# The Method of Calculation

Jan 28, 2014, 11:38 AM |
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If you landed on this page, most probably Google has brought you here. Alternatively, you could access my article here: http://jose-franco-de-arevalo.quazen.com/games/board-games/the-method-of-chess-calculation/

What follows is a brief definition of what calculation is based on hours of trial-and-error and concrete experience in trying to effectively calculate in chess, followed by a simple exercise on how to acquire and develop chess calculation skills. I have gathered (from my two years and counting of chess learning) what I have understood/realized about the elusive process of calculation (at least for beginners) and developed a training method that has vastly improved my ability to calculate.

What Chess Calculation is:

The first ones are on the method itself, while the ones with footnotes are my general learnings on calculation:

1. Calculation is, at least, both a spatial and a visual task. It involves mental projections of the senses. (More on this in the Training Program).

2. Calculation is an automatic process, which can be developed through the right training methods. A useful exercise is included at the end of this post.

3. The quality of calculation improves when more of the senses are involved in it; it is useful not only to "see" but also to "feel" the pieces and their relative locations on the board with your mind (you could even try smelling, tasting and hearing the pieces if you like, though these are not really necessary).

4. The trick in calculation is not in the depth but in the evaluation of the position at the end of it.*

5. Calculation and positional understanding go together; they are two faces of the same coin. Understand the position, determine a goal, and then calculate along that purpose.**

6. There's a reason why grandmasters (an other masters), like Kasparov and Karpov, mention "concrete variations." Calculation is a real process involving real possibilities. ***

7. Calculation is an inevitable part of learning chess, and it starts by considering the possible replies of your opponent. ****

8. Calculation is a skill, and like all skills it can be acquired and developed. *****

* - There is no limit to the depth the human mind can calculate. I have performed and completed books on chess calculation to a depth of 39 ply, but it has not significantly improved my chess. One must be able to evaluate the position at the end of the calculation in order to benefit from the calculation itself.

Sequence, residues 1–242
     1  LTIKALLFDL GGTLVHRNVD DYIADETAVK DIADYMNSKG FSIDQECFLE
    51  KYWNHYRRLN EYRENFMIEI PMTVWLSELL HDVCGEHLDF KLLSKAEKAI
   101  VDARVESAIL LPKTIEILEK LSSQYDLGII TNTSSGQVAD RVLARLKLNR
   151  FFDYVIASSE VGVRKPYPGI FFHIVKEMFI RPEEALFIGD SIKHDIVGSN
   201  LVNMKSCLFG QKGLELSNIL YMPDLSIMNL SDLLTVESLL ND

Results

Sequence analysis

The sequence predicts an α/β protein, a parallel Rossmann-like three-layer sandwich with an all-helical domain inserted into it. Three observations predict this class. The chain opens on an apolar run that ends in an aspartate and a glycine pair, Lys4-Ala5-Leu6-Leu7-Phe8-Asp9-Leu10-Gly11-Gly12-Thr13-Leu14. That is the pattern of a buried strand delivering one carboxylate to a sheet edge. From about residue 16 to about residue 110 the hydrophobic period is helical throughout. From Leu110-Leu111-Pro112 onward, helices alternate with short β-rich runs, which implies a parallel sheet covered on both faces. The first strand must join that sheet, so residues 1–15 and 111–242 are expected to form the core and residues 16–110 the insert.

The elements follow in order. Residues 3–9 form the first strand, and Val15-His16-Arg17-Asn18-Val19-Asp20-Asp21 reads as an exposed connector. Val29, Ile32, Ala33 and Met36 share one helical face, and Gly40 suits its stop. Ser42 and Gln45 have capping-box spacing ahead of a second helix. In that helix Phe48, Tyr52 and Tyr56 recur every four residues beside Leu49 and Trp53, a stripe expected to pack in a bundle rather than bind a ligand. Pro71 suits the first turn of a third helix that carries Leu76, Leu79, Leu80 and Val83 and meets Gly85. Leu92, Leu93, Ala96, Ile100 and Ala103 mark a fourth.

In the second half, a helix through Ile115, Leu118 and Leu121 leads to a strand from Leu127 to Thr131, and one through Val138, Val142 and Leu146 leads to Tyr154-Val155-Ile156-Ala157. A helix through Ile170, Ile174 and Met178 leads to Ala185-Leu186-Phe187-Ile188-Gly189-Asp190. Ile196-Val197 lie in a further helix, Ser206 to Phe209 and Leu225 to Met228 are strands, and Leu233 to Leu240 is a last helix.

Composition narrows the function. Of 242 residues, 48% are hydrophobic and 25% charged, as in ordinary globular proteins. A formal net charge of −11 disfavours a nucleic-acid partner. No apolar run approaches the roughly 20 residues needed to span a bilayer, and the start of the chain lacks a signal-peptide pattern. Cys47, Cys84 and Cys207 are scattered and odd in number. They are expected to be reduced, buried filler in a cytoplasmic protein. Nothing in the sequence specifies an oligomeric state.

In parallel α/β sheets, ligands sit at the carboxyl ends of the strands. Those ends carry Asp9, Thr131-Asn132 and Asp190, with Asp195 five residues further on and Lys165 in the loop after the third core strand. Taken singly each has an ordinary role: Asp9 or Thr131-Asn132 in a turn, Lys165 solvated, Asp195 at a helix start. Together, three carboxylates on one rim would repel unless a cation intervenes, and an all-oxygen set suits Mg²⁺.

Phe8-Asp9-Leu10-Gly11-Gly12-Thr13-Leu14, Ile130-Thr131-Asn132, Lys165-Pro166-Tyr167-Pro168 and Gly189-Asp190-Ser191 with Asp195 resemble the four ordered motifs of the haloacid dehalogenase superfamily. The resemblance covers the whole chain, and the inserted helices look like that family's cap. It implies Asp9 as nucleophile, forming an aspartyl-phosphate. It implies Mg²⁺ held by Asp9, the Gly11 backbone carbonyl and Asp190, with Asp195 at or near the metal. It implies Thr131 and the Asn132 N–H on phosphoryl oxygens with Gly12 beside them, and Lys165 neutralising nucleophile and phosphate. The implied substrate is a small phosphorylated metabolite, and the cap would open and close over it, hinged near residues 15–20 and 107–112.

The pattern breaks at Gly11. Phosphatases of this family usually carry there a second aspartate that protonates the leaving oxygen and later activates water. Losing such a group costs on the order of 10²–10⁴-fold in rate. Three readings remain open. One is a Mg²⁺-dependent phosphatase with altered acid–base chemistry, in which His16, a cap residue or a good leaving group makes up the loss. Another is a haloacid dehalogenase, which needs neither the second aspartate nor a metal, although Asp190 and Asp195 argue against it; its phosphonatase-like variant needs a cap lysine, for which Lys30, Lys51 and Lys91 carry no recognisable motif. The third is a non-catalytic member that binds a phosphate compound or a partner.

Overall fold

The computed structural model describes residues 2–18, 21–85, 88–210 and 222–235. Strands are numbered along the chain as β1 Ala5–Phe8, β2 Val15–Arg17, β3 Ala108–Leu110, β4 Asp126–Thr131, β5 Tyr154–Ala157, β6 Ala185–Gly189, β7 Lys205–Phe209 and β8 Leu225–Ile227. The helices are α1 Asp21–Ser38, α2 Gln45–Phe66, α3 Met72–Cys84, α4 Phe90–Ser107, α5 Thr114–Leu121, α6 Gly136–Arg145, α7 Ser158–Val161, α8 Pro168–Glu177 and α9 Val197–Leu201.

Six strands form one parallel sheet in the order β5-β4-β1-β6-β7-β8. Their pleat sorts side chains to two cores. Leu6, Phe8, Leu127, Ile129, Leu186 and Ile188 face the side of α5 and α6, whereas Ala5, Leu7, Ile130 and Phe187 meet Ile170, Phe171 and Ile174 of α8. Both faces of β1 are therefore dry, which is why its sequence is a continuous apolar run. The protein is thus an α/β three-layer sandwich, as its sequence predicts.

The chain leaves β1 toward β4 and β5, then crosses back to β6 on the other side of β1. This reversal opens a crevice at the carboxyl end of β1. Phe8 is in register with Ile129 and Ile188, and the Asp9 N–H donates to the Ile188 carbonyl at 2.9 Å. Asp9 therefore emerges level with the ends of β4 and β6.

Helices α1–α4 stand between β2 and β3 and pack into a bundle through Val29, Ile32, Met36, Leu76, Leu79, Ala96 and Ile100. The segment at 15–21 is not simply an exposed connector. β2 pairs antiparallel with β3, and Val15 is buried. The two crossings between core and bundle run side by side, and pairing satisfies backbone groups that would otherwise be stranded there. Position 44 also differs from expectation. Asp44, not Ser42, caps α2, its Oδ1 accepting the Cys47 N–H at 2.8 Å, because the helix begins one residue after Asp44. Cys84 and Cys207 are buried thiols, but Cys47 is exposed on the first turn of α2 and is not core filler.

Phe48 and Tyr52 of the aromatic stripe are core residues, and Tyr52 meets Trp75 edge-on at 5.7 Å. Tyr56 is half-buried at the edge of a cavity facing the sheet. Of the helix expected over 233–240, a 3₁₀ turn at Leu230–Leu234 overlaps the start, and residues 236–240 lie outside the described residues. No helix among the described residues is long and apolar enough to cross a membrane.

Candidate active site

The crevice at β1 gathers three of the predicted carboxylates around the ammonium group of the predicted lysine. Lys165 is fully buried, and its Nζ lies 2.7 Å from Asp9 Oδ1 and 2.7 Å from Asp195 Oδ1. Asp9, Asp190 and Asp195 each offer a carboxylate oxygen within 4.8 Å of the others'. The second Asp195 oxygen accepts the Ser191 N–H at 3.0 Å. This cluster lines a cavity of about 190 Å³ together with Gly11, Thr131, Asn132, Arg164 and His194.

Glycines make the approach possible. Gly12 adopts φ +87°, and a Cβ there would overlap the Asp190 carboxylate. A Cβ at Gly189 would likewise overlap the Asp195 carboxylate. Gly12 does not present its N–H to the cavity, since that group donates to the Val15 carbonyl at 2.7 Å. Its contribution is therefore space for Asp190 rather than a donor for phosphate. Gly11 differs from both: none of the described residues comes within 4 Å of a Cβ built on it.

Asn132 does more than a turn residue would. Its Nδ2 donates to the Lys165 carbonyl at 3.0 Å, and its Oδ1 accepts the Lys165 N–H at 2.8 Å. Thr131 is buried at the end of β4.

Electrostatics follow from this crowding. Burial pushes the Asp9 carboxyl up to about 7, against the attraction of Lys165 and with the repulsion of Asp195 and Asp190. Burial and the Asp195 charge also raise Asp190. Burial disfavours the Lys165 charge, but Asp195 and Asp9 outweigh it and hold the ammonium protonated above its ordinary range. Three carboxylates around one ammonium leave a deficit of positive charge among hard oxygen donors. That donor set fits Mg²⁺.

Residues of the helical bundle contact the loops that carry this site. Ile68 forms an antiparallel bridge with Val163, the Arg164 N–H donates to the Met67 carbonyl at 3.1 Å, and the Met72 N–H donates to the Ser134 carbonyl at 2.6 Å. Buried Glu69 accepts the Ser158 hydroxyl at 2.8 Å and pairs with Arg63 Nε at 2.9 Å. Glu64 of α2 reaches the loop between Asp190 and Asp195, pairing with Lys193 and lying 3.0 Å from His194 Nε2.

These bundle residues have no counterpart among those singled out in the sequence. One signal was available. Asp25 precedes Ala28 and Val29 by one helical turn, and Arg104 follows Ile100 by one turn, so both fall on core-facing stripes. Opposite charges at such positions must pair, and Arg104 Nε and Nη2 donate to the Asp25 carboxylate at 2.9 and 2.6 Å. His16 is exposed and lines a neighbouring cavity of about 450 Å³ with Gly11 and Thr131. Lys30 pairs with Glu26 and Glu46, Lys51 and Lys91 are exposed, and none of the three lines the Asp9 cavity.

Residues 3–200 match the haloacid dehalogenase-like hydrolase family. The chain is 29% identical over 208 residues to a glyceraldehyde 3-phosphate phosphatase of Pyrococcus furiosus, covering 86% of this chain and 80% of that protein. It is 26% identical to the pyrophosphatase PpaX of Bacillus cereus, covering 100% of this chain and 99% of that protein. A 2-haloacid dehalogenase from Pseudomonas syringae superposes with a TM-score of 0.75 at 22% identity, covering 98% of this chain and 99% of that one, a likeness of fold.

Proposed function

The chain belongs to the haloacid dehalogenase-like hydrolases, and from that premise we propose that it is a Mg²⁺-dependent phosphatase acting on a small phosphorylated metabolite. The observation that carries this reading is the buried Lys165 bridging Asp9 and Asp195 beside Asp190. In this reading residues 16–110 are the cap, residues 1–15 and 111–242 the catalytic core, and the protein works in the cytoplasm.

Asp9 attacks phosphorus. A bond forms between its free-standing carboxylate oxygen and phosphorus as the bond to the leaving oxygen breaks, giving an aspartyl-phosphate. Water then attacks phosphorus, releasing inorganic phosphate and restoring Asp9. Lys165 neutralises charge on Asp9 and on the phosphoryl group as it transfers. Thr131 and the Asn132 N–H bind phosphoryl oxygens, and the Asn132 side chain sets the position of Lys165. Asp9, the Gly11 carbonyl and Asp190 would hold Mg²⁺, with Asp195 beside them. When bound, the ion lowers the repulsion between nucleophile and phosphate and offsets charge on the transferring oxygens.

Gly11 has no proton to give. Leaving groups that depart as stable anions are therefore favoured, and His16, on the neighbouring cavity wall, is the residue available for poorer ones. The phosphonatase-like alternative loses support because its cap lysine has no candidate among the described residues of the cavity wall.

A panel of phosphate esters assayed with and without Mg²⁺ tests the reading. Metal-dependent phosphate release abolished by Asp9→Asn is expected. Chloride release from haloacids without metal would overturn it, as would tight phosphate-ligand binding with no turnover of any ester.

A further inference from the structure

** - Efficiency in calculation increases with increasing positional understanding. Many unnecessary lines can be weeded out based on your understanding of the position. The best example is the weeding out of 1. h4 or 1. a4, since the starting position calls for active play (play in the center and immediate activation of the pieces). Positional understanding is simply a SWOT (Strengths, Weaknesses, Opportunities and Threats) Analysis of the elements of the position, which are nonetheless the pieces (and pawns) and squares: Which squares are strong? Which of my pieces are active? What opportunities do my active pieces give? What opportunities can I give to my inactive pieces? What are the weaknesses in my position? Are there threats against my weaknesses? What threats can I impose on the weaknesses of my opponent's position? etc.

*** - It is not enough, for example, to have a vague idea on how the position would evolve, such as "After going there, he might go there, then somehow I would be able to get my pieces here and there...NO. 1.d4 d5 2. c4 e6 3. Nc3 Bb4 4. Qc2.

**** - In reading books on chess theory, it is a MUST to understand why all of the moves are made to increase one's positional understanding and, in effect, reduce the amount of calculation needed. One MUST set the pieces up on a board and follow the chess notations one at a time. Most beginners don't benefit from reading texts on chess simply because these MUSTs are missed.

***** - While it is true that there are those who are born with talents inclined to performing well in chess, but it is a myth that those skills in chess are limited to those who are "born" with them. Remember Susan Polgar, Garry Kasparov, and even Mir Sultan Khan (dubbed the most naturally talented chess player of all time despite being illiterate)? The fact that someone who can't read chess notations acheived GM norm means that the abilities that GMs have are not exclusive to GMs - it all depends on the training method, and of course one's dedication. This is possibly the reason why GMs are elusive when it comes to their method of calculation.